On July 8, 2012, the defendant struck his ex-girlfriend in a parking lot and forced her to come upstairs and into his apartment against her will. He was subsequently arrested and remained in jail, where he committed numerous disciplinary infractions, including flooding his cell and throwing feces.
On the morning of the October 14, 2013 trial, the defendant refused to come to the courtroom or participate in the trial. In the course of arguments about the feasibility of ordering the defendant's appearance, the prosecution suggested the defendant was obstructing the judicial process, citing a phone conversation before an earlier court date where the defendant had told a relative, “I know how to get this thing continued for a month or so.” The prosecution also stated for the record that the defendant had been evaluated by a mental health professional and found “competent and sane.” Defense counsel agreed that the defendant had been evaluated but requested a further mental examination, asserting that “[i]n light of this new episode by [the defendant], he needs to be re-evaluated.” During the discussion regarding the forced appearance of the defendant, defense counsel referenced the defendant's history of mental illness but stated that the defendant had consulted with him the previous day about trial strategy and had decided to waive his right to a jury trial by asking the judge to try his case. The trial court noted that the defendant could have been referring to new legal representation in the comment regarding a continuance. The court questioned whether it could “override medical staff, with regard to ordering one to appear in a particular place.” Before taking a recess, the trial court found that the defendant had been “quite lucid and … understood everything” at a court appearance approximately two weeks prior to the trial.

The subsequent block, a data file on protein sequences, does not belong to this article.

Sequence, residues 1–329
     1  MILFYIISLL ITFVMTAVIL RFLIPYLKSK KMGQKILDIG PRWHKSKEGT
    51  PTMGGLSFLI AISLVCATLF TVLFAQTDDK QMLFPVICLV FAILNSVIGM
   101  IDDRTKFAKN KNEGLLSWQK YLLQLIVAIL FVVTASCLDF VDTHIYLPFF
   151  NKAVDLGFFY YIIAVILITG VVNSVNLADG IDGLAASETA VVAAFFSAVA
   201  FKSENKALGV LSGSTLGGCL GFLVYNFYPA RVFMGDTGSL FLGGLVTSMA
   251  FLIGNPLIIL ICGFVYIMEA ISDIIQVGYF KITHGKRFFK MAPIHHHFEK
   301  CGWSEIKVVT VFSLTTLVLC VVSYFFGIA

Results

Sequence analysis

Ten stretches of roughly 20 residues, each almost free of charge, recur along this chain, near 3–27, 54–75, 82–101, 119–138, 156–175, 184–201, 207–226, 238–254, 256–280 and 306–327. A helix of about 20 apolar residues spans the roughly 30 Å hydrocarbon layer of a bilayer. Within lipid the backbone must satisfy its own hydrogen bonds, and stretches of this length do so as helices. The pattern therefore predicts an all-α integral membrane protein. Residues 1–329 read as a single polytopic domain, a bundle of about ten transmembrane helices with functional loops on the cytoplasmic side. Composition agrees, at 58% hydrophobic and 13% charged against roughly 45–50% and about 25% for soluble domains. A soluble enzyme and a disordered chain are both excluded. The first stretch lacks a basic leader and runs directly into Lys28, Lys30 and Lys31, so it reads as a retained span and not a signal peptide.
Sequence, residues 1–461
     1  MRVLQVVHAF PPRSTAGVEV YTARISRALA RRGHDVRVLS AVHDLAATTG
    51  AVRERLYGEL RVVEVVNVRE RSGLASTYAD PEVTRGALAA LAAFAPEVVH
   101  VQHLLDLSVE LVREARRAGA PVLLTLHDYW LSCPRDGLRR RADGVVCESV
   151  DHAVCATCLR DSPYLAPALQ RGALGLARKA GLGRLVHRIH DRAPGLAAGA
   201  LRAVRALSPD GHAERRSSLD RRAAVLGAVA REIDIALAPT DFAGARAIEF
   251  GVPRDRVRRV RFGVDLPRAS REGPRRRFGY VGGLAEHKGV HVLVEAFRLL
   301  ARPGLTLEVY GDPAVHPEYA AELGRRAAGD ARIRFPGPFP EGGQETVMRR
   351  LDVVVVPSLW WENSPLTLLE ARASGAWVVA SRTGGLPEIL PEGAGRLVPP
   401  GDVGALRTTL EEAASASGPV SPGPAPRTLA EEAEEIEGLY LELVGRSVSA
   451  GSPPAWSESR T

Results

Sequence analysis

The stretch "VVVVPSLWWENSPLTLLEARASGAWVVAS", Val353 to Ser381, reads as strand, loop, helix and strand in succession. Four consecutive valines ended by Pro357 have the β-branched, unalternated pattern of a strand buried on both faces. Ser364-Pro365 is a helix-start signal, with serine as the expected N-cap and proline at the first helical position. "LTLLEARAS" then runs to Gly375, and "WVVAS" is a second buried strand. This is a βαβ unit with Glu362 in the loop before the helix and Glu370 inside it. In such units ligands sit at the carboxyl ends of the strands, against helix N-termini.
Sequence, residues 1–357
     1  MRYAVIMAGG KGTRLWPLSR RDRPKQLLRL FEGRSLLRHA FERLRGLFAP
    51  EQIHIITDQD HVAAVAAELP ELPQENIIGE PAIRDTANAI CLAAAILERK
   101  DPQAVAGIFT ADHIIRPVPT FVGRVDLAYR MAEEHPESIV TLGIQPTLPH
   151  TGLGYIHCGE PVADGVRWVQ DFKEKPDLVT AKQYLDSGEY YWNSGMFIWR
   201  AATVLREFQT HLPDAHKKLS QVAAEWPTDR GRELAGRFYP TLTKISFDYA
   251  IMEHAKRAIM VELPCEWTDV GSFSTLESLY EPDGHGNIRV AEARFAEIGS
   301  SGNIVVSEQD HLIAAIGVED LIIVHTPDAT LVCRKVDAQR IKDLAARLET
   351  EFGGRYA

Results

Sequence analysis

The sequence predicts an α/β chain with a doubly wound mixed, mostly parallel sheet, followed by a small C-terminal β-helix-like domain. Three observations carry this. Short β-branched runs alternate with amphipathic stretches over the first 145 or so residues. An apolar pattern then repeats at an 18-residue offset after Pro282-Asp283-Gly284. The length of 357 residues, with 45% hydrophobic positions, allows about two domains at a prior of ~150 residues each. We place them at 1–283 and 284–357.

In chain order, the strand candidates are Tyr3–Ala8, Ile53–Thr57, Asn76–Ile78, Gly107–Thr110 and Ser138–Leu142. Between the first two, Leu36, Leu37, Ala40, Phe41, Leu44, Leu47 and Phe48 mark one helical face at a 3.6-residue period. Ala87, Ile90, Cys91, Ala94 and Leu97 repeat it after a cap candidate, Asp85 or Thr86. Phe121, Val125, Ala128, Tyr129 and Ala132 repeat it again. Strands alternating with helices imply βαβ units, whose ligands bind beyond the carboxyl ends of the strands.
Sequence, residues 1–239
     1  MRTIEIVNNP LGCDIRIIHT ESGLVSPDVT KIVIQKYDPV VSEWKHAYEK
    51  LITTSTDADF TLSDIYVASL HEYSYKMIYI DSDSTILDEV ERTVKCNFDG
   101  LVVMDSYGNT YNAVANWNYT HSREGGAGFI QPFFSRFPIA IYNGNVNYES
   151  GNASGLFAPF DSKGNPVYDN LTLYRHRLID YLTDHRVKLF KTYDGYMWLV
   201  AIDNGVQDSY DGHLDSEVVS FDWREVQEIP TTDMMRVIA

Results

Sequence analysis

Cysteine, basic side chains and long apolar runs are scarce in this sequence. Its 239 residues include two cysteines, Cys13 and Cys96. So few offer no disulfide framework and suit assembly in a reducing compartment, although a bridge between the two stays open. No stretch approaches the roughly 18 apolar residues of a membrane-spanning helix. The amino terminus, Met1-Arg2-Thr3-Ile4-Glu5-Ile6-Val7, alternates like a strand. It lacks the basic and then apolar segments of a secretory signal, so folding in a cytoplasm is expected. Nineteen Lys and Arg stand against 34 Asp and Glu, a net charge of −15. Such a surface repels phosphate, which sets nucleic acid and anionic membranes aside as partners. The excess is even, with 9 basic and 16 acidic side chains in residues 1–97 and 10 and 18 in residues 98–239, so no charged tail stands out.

The record does not reflect any concrete details regarding the events of the morning nor does it reveal the manner in which the defendant's initial refusal to participate was resolved. The transcript merely resumes with the appearance of the defendant, who waived his right to a jury trial, and with the presentation of evidence.
The victim, Melissa McComb, testified that she had a history of crack addiction after losing a child in 1993. The defendant was her ex-boyfriend, and they had spent some time at a motel together a few weeks prior to July 8, 2012, but at the time of the crime, they were no longer romantically involved.
The victim had been smoking crack with Peter York, a friend, the night before the July 8, 2012 kidnapping. That morning, they were planning to do drugs, and she and the defendant had been exchanging text messages. Mr. York and the victim picked the defendant up off the street in front of his apartment complex. Both the victim and the defendant bought drugs. The victim testified that on the way to the defendant's apartment, she was in the back seat and the defendant was in the passenger's seat of the two-door vehicle. As they approached the defendant's apartment, the defendant kept asking her if she was coming in, but she did not respond because she did not want to go in or to anger him by refusing to go. When they arrived, she got out of the back of the car so that she could get into the front seat. The defendant accused her of having a relationship with Mr. York. The victim refused to go into the defendant's apartment. After her refusal, the defendant struck her in the face, grabbed her arm, and began to walk up to his apartment with her. She could taste blood after the defendant hit her. The victim testified she wanted to leave but was afraid he would hit her again if she broke away.